Toronto Star

Vanished jet latest incident for Malaysia


The disappeara­nce of an AirAsia jet en route from Indonesia to Singapore on Sunday is the latest air incident for Indonesia, which has struggled with its air safety record. The sprawling archipelag­o nation of 250 million people is one of Asia’s most rapidly expanding airline markets, but is struggling to provide enough qualified pilots, mechanics, air traffic controller­s and updated airport technology to ensure safety. Here’s a look at some of the past incidents.

April 2013: A brand new Boeing 737-800 operated by Indonesian budget carrier Lion Air crashes off the Indonesian resort island of Bali, slamming into the ocean short of the runway. All 108 people on board survived, with no serious injuries.

May 2012: A Russian-made Sukhoi Superjet-100 slams into a volcano during a demonstrat­ion flight in Indonesia, killing all 45 people on board. Informatio­n recovered from the plane’s cockpit voice-and-flightdata recorders indicated the pilot in command was chatting with a potential buyer in the cockpit just before the plane slammed into dormant Mount Salak in West Java province.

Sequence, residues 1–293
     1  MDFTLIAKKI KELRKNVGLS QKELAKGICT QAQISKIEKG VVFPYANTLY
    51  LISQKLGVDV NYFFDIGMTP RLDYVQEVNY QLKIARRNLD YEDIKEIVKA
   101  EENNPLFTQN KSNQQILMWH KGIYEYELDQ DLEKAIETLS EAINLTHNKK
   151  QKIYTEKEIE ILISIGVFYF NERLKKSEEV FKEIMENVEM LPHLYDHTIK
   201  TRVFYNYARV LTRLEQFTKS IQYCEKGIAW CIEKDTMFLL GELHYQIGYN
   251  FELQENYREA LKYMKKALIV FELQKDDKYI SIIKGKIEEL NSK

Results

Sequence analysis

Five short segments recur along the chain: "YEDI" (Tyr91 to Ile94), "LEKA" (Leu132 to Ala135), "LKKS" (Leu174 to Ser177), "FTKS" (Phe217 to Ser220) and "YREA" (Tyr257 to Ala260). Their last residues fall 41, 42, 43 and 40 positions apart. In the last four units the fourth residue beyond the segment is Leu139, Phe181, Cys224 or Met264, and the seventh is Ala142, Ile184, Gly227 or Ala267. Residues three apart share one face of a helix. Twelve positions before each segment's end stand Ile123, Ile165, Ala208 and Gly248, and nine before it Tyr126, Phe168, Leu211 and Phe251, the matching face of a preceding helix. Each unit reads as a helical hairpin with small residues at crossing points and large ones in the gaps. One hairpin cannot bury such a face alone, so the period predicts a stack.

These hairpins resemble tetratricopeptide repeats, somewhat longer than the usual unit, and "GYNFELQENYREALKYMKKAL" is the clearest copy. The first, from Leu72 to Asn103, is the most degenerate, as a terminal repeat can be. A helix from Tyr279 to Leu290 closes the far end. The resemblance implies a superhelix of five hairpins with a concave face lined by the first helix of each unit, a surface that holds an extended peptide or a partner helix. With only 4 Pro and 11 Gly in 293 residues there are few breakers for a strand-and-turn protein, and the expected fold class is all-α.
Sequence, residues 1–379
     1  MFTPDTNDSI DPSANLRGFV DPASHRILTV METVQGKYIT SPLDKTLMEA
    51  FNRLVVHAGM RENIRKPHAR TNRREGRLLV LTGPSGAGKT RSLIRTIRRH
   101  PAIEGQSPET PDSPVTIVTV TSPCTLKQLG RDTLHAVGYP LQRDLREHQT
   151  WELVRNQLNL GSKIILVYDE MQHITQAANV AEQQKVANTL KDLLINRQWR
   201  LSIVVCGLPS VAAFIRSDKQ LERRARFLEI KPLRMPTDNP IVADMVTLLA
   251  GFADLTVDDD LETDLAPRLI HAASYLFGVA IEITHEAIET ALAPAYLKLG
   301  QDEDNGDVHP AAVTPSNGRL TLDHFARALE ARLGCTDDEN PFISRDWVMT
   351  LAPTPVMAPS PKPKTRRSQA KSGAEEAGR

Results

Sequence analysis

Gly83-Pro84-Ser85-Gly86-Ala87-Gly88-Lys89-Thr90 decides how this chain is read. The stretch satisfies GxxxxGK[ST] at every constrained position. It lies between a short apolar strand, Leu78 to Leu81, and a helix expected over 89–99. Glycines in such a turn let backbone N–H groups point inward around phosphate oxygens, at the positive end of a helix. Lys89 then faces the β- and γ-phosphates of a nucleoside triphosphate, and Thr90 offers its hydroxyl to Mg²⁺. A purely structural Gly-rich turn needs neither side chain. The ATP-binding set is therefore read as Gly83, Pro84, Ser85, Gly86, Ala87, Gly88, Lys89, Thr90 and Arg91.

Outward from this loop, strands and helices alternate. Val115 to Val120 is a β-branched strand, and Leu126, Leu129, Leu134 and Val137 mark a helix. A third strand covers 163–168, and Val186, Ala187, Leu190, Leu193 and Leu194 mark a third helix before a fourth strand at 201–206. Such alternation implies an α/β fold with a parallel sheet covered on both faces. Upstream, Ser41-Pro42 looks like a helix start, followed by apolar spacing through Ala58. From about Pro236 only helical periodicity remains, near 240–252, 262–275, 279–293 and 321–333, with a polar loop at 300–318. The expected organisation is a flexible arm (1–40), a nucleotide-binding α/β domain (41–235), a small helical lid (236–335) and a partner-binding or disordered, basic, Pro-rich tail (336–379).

January 2007: A Boeing 737 operated by Indonesia’s Adam Air vanishes on New Year’s Day on a domestic flight from Surabaya to Manado with 102 people aboard. Parts of the tail and other debris are found several days later.

September 2005: A flight from Indonesia’s now-defunct Mandala Airlines is headed from Medan in north Sumatra to Bali when the plane crashes into a heavily populated residentia­l area seconds after taking off, killing 149 people. The fatalities included 100 people aboard the plane and 49 on the ground. Seventeen people on the plane survived.

January 1995: A flight operated by Indonesia-based Merpati Nusantara Airlines disappears over open water while flying between islands in the archipelag­o nation. The plane, 14 passengers and crew were never found.

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